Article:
Adam Goldenberg is a former Liberal speechwriter and a contributor to CBC News: The National.
Call it Justin Trudeau's butterfly effect. His lips flutter, and a tidal wave of faux outrage follows.
To demonstrate, here's Christian Riesbeck, the Roman Catholic bishop of Ottawa: "That is scandalous," he said of Justin Trudeau's decision to require Liberal candidates to back the party's pro-choice position on reproductive rights. To make things right, the Bishop declared, Trudeau "would have to make a public retraction of his views."
How horrifying it would be if he did. It's one thing for clergy to express their views on a policy issue, but it's quite another for them to assert that their parishioners have no choice but to listen to them. Want to live in a country where legislators answer to clergy? Try Iran.
Riesbeck isn't alone. In a statement earlier this month, Ottawa Archbishop Terrence Prendergast wrote that, "one may not dissent from [Catholicism's] core teachings on life issues and be considered a Catholic in good standing."
Trudeau was the target of the Archbishop's ire, but not its intended audience; Prendergast's political epistle was to be published in every church bulletin in his archdiocese. Its message is simple: according to the Church hierarchy, individual Catholics are required not just to accept, but also to vote for the Vatican's position on abortion. According to the Church's leaders, it's not enough to believe that abortion is wrong as a matter of religious morality – Catholics must also demand legislation to limit a woman's right to choose. On reproductive rights, according to Riesbeck, Prendergast, and other wannabe ayatollahs, there can be no separation between church and state.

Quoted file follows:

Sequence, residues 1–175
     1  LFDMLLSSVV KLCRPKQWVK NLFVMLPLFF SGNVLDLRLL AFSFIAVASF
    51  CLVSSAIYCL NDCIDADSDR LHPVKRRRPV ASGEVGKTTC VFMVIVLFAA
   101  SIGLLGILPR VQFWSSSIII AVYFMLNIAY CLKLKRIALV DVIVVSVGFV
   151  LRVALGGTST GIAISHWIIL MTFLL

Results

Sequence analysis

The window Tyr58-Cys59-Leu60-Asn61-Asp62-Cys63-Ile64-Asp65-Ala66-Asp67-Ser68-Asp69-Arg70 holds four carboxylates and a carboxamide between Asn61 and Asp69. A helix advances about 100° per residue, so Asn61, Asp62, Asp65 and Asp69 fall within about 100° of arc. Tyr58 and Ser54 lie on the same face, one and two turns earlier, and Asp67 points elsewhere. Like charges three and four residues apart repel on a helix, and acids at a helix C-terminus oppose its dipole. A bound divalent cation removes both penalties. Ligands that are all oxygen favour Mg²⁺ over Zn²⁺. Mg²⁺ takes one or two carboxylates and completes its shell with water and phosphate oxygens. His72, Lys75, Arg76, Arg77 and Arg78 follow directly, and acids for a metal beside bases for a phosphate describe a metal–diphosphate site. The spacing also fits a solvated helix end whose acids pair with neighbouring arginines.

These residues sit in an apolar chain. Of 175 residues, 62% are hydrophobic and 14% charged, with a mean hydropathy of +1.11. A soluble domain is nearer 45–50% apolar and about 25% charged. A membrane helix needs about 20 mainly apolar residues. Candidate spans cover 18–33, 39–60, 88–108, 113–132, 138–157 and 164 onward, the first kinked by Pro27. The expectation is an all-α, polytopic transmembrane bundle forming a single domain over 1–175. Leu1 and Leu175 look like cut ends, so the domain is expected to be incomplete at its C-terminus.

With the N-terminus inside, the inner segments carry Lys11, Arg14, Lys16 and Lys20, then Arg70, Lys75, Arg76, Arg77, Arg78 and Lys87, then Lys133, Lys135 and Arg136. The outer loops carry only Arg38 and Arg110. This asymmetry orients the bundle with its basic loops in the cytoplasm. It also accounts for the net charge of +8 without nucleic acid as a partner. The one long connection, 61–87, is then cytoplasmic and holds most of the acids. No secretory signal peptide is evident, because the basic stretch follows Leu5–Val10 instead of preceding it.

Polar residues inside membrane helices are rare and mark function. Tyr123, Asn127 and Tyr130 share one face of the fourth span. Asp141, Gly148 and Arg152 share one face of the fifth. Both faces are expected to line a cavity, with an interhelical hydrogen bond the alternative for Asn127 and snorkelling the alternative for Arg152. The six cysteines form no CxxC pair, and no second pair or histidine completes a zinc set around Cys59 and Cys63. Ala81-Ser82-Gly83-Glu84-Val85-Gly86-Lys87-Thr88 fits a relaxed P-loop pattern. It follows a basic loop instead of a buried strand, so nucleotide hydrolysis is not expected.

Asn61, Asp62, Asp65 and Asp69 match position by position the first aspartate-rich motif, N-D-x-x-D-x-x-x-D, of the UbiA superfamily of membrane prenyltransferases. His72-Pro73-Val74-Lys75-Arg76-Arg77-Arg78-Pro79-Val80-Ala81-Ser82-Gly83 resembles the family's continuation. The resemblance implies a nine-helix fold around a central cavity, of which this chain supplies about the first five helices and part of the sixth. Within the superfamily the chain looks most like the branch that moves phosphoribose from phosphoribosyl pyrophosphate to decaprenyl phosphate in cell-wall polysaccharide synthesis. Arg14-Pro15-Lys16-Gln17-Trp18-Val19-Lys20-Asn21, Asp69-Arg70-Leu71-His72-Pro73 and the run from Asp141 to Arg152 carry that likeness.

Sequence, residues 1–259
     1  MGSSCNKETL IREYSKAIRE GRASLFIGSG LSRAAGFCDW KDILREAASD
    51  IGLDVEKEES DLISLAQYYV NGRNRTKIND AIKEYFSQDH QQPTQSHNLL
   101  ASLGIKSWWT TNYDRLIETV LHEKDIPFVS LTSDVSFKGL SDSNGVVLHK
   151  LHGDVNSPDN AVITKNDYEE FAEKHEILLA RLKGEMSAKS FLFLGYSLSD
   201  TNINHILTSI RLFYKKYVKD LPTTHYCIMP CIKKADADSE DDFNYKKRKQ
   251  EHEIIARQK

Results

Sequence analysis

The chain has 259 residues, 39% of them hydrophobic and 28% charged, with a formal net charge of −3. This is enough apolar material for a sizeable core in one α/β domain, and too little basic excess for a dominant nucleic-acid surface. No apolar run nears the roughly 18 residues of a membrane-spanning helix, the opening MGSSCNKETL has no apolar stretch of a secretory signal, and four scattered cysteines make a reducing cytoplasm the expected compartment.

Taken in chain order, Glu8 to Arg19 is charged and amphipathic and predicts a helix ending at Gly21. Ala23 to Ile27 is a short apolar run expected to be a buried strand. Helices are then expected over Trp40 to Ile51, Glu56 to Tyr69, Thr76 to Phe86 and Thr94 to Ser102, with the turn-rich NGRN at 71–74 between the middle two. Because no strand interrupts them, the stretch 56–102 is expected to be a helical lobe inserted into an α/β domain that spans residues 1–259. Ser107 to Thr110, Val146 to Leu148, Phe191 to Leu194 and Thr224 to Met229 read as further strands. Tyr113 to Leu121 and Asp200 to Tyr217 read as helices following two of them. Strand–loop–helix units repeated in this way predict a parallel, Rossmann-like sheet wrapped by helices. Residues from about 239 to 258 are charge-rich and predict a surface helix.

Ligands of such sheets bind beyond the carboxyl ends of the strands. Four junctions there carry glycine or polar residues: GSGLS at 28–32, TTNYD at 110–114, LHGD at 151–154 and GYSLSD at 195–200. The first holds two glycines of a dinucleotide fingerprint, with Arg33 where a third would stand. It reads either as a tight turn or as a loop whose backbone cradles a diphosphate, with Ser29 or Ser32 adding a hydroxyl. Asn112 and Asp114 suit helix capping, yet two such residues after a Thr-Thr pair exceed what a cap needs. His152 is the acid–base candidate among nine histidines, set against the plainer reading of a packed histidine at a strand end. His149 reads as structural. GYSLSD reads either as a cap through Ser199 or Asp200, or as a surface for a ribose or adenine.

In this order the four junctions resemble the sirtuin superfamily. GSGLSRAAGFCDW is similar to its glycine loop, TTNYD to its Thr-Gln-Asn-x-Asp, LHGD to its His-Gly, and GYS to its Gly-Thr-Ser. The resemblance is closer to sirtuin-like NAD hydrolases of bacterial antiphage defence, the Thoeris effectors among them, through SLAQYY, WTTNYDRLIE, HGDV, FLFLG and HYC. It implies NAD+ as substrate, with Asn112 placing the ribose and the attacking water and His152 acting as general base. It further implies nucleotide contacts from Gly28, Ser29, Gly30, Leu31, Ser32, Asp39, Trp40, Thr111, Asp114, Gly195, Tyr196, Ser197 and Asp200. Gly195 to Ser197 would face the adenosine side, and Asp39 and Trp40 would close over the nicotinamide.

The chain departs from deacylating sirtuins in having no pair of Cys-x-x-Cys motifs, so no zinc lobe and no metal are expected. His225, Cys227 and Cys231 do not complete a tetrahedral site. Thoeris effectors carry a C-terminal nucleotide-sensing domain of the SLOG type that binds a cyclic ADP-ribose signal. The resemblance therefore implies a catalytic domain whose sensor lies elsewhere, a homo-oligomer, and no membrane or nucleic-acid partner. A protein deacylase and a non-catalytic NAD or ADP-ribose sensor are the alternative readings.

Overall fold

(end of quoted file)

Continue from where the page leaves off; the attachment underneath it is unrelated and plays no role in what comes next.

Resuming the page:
What nonsense, and what gall. "What they're saying is, 'there's no choice but pro-choice,'" declared Archbishop Richard Smith of Edmonton. "That's a contradiction in itself." That's not true, unless you think that a politician's choice to dissent from party policy is as grave as a woman's choice to terminate a pregnancy. (It isn't.) Still, the fallacy is less absurd than the hypocrisy; Archbishop Smith and his clerical bedfellows are shocked – shocked! – that Trudeau would force his candidates to support his party's policy on abortion, but they apparently have no problem telling Catholics that they have no choice but to parrot the Church's pro-life position, not just in the pews, but also at the ballot box.
Trudeau's edict allows Catholic Liberal candidates to believe what they like about abortion as a spiritual matter, provided that they promise to vote the party line on abortion, as on every other core policy issue. Catholic leaders, by contrast, would require their flock to vote a different party line: Rome's. They expect Catholic politicians to inscribe the Church's doctrine into law – not just for themselves, but for everyone else. One of these two approaches is a threat to Canadians' freedom of conscience. It isn't Trudeau's.